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Legend of Grimrock 2 Review: Treasure Island
Platform: Windows PC
Developer: Almost Human Games
Publisher: Almost Human Games
Release Date: October 15, 2014
When Blizzard approached the sequel to seminal Action-RPG Diablo, they expanded the gameplay beyond a single large dungeon-crawl into the deserts, jungles and forests of the larger world. Almost Human utilizes a similar design philosophy in creating the sequel to 2012’s Legend of Grimrock, a modernized but still old-school at heart first-person grid-based RPG.
Legend of Grimrock 2 still begins with a four person party of prisoners, only instead of being cast into a hellish dungeon, your ship crash lands into the mysterious island of Nex, home to a robed figure known as the Island Master, as well as a host of monsters and Grimrock’s intriguing brand of devious puzzles.
Many of the core gameplay mechanics remain the same from the original. You navigate the world one square at a time picking up items and weapons, searching for secret buttons and treasure chests and solving a myriad of puzzles. All the denizens of the island, including lots of new foes as well as some familiar faces (yes those terrifying spiders are back, and there’s a dungeon full of ’em) follow the same square moving rules, and your approach to the ‘square dancing’ method of combat as either an important part of the gameplay or exploitative will still likely determine your overall enjoyment of the combat.
The character and skill systems should be familiar to fans of the first game, and the fantastical races of minotaur, insectoid and lizardmen (as well as boring old humans) return, with the new addition of the ratling (who also act as a common new enemy type). Each race has specific traits that make them better for certain classes – insectoids have increased willpower, minotaurs are all about strength and vitality, but this time you can also assign up to two traits for each character. Some traits can only be chosen by certain races (only insectoids can have Chitin Armor) while most give incremental improvements to defense, attack or attributes, and it’s a nice way to further specialize each hero.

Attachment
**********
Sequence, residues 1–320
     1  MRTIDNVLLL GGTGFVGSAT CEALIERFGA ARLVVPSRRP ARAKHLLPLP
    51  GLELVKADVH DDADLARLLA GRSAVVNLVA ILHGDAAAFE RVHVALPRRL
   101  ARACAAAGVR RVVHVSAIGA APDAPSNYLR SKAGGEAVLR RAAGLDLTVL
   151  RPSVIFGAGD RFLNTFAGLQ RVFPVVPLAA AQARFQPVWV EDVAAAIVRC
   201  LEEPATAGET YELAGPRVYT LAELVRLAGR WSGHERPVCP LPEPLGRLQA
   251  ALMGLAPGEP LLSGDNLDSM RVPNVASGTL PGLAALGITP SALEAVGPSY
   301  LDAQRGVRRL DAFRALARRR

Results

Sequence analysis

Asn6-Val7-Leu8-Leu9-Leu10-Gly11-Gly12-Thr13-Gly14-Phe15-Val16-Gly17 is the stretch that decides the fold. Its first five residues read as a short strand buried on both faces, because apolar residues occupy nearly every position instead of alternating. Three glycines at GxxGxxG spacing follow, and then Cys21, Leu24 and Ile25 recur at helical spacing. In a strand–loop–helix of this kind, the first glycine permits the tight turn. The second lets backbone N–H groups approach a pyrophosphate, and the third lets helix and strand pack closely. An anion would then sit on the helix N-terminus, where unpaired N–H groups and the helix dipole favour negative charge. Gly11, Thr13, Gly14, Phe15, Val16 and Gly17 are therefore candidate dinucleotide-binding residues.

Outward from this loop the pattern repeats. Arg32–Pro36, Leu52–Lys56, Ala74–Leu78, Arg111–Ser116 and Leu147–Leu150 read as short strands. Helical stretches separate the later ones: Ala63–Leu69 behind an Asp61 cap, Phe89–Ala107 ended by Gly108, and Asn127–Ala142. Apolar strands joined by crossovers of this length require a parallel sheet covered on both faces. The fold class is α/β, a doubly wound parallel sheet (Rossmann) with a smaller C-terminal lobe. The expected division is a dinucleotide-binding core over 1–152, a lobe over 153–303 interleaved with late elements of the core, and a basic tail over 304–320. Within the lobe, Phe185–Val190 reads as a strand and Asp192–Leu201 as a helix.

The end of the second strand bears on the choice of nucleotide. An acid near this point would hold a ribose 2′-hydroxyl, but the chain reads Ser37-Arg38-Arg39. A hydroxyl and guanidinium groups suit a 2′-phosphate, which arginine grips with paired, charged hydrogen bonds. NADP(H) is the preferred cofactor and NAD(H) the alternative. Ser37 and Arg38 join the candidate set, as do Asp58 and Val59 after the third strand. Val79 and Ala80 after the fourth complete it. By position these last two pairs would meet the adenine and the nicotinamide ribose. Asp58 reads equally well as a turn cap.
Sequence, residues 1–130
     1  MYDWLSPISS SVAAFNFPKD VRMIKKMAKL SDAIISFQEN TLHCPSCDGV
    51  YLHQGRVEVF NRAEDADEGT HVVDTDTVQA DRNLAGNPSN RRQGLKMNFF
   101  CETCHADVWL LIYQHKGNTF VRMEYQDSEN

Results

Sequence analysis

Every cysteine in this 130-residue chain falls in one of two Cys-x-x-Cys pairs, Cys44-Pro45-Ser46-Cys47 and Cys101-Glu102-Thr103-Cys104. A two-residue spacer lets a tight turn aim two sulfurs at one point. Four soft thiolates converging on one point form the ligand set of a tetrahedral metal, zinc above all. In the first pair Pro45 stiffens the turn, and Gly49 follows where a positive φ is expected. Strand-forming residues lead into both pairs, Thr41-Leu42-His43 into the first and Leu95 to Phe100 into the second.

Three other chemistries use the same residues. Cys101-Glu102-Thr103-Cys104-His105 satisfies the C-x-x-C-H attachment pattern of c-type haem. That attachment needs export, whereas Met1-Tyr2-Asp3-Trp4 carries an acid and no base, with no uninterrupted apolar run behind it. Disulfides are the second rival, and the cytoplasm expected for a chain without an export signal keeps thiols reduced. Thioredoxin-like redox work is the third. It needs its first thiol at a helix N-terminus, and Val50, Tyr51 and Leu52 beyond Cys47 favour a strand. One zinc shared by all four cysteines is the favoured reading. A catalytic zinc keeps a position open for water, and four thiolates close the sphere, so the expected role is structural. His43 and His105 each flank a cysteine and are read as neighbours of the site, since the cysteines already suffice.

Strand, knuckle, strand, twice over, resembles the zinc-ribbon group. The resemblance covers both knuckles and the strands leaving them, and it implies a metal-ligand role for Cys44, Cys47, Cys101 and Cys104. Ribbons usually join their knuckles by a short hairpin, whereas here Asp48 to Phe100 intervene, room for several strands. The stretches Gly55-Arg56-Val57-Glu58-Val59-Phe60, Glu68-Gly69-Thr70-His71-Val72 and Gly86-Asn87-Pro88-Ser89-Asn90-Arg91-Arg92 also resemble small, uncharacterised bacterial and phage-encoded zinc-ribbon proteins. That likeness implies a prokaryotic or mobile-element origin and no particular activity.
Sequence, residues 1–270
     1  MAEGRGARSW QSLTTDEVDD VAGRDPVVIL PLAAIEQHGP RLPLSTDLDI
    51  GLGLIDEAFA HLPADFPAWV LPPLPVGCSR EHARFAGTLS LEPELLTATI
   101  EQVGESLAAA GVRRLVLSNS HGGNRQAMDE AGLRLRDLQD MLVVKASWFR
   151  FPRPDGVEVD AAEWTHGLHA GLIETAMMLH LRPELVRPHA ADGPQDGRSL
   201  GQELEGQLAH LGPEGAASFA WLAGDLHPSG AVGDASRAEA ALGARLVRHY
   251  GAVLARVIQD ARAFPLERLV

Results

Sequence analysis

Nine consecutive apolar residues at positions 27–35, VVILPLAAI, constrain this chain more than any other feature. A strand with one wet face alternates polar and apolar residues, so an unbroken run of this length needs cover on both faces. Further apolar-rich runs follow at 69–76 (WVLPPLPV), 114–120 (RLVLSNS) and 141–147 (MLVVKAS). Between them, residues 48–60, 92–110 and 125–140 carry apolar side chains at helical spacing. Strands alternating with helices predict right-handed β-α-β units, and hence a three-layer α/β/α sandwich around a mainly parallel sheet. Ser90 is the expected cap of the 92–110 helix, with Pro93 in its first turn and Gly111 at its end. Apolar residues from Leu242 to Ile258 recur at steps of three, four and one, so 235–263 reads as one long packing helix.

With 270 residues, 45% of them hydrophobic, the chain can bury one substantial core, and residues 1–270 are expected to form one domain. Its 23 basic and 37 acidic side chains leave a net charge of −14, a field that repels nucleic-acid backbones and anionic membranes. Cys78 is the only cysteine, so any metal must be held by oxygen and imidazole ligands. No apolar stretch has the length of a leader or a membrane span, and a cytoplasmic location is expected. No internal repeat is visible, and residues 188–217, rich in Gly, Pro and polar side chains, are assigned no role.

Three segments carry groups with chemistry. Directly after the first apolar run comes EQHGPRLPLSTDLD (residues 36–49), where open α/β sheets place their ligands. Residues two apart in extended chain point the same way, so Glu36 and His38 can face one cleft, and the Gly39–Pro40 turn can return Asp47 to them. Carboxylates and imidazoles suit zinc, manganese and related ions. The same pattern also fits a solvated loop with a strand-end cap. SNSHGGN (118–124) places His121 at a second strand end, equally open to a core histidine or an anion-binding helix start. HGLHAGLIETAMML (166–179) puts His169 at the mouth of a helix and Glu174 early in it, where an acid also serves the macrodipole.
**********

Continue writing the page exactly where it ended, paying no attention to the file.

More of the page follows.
You’ll want to create a balanced party in order to survive on the island. Like the first game, the difficulty on Normal can be brutally punishing, both in its gleeful willfulness to maim or outright kill you for wandering into a trap, and that most monsters will wipe the floor with you if you try to stand toe to toe with them.
Thankfully the new class system offers much more flexibility. In Grimrock 2 classes no longer limit your skills; anyone can put points into any of the 16 skills. Choosing Fighter or Battle Mage or Alchemist determines your health and energy ratio as well as a specific trait or ability. Knights get the most out of armor and shields while Rogues can dual wield more effectively. Eight classes that can advance in any skill should help you make the dream party you wanted to in the original, and you’ll need as many skills as possible to survive.
The spell rune system returns in Grimrock 2, and I highly recommend turning on One Click Spellcasting, allowing you to essentially draw the rune combination and release it to cast the spell. It felt elegant and satisfying and a good alternative to rapidly clicking the runes in the midst of combat.